English origins

St Peter’s church, Barton on Humber

The Anglo-Saxons – A History of the Beginnings of England

Marc Morris, Hutchinson, 2021, hb, 508pps, £25

England is one of the oldest nations in the world, and tales of its foundation have been told since at least 731 AD, when the Venerable Bede completed his Historiam Ecclesiasticam Gentis Anglorum. The Northumbrian monk described the indigenous Britons being gradually superseded from 449 onwards by three tribes from across the North Sea – the Angles, Jutes and Saxons. Although the word ‘English’ does not appear until 855, by 731 these tribes were starting to think of themselves as a nation unified by experience, propinquity, religion and what a later Saxon, St. Boniface, would call ‘blood and bone.’

Ever since, some Englishmen have seen themselves as Anglo-Saxon scions – brave, freeborn, vigorously superior to all ‘others,’ from sixth century Welsh to twentieth century imperial subjects. Yet frustratingly little is known about these patriotically pivotal people, and much of what we do ‘know’ is retrospective romancing, useable by a burgeoning nation anxious to legitimise often unedifying activities. Marc Morris, previously noted for histories of the Norman Conquest, and Plantagenet kings, now strives to make sense of these Old World founding fathers, and show them in European context, amongst a bewilderment of Æthelbalds and Æthelflæds, and still-resonant battles whose sites were long ago lost to view.

The Anglo-Saxon period lasted 700 years, from Bede’s ‘adventus saxonum’ to the death of Harold at Hastings, so generalisations are frequently fatuous. Bede and the later Anglo-Saxon Chronicle were often vague, sometimes mistaken, but in the dearth of other records, subsequent narratives have leaned heavily on both, and often added errors of their own. Morris strives to reconcile these with archaeological insights, folk-traditions, administrative trace-elements (bishoprics, courts, shires), and toponymy – and such treasures as the Sutton Hoo helmet, with its challengingly empty eye-sockets.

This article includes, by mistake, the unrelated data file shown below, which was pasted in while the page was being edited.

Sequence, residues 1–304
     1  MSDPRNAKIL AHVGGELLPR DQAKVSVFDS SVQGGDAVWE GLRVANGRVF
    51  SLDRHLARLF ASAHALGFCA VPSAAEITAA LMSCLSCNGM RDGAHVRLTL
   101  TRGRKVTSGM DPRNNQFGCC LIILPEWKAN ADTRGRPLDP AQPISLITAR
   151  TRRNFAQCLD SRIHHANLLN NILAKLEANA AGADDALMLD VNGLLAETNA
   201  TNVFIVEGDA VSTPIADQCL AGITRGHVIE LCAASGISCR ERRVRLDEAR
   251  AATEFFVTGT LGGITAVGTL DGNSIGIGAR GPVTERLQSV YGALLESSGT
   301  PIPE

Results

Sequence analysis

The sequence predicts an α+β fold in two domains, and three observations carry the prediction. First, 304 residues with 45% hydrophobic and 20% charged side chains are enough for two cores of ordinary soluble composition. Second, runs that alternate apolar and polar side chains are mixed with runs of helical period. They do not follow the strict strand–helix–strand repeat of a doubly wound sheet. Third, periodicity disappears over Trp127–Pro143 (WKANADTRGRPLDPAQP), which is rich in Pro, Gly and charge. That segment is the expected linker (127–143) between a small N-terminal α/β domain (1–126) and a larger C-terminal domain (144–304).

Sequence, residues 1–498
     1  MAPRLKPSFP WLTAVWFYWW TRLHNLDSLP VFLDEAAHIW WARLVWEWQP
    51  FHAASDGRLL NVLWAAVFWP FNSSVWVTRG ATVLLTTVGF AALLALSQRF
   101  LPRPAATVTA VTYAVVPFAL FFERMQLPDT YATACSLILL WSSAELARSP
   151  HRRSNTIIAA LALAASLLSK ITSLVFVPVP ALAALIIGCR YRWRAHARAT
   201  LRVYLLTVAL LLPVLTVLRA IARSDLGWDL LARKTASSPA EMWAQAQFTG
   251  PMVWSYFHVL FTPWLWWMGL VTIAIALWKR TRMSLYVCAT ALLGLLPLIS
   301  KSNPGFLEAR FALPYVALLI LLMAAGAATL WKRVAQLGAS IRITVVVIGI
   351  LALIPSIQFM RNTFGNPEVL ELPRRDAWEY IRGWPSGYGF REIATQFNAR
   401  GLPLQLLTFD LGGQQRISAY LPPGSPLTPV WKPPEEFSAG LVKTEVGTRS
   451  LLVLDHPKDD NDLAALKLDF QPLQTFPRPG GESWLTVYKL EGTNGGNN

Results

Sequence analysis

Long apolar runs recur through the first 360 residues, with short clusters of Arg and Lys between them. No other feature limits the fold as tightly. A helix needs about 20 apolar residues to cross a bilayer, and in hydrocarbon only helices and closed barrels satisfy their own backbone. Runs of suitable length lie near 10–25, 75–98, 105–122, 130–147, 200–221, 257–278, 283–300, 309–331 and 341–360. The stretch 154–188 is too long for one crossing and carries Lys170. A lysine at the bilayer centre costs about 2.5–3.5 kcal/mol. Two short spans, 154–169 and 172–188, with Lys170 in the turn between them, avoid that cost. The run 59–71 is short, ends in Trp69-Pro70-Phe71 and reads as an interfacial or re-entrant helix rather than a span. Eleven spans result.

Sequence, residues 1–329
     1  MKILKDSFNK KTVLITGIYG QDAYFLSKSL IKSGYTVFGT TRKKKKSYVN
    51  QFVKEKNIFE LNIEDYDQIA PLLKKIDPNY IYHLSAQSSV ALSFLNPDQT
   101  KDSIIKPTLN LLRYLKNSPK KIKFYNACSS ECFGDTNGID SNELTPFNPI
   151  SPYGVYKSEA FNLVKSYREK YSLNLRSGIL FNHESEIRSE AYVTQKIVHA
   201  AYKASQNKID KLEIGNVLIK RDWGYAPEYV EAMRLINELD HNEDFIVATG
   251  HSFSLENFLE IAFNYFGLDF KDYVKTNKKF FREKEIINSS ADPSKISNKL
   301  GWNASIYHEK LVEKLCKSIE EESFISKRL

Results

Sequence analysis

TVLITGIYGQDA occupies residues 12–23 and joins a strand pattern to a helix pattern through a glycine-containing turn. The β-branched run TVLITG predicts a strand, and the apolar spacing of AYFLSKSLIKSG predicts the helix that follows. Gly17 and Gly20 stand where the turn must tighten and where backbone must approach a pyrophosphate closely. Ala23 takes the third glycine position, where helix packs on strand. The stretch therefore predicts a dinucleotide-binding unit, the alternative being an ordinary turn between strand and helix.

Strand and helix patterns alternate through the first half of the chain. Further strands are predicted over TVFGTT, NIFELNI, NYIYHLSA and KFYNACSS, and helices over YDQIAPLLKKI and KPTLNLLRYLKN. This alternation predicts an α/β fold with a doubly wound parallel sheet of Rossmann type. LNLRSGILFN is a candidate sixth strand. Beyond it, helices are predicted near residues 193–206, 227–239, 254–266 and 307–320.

He revivifies overlooked figures like SS. Dunstan and Wilfrid, to resume their rightful place alongside more obvious avatars – Alcuin, Alfred, Edmund, Offa. He navigates carefully, and readably, out of the ‘Dark Ages’ towards the Norman night-time, by way of complex wars, Christianisation, Romanisation, attacks by and then absorption of Vikings, Alfred’s ‘resurrection’ of English fortunes, and the treacherous, troubled, ‘unready’ twilights of Æthelred, Edward the Confessor, and the House of Godwine – highlighted with occasional colour, such as that King Eadred (946-55) had the habit of masticating his food, and then spitting it back out onto his plate, disgusting fellow diners.

He closes with the chroniclers Henry of Huntingdon and William of Malmesbury, Anglo-Normans who saw themselves as wholly English, writing to ‘mend the broken chain of our history.’ England, Morris reminds us, is still ‘a work in progress.’ If he deflates many myths, in the end the author is affectionate, and admiring of a people out of whose obscure origins arose an epic legacy.

This review first appeared in the August issue of Chronicles, and is reproduced with permission

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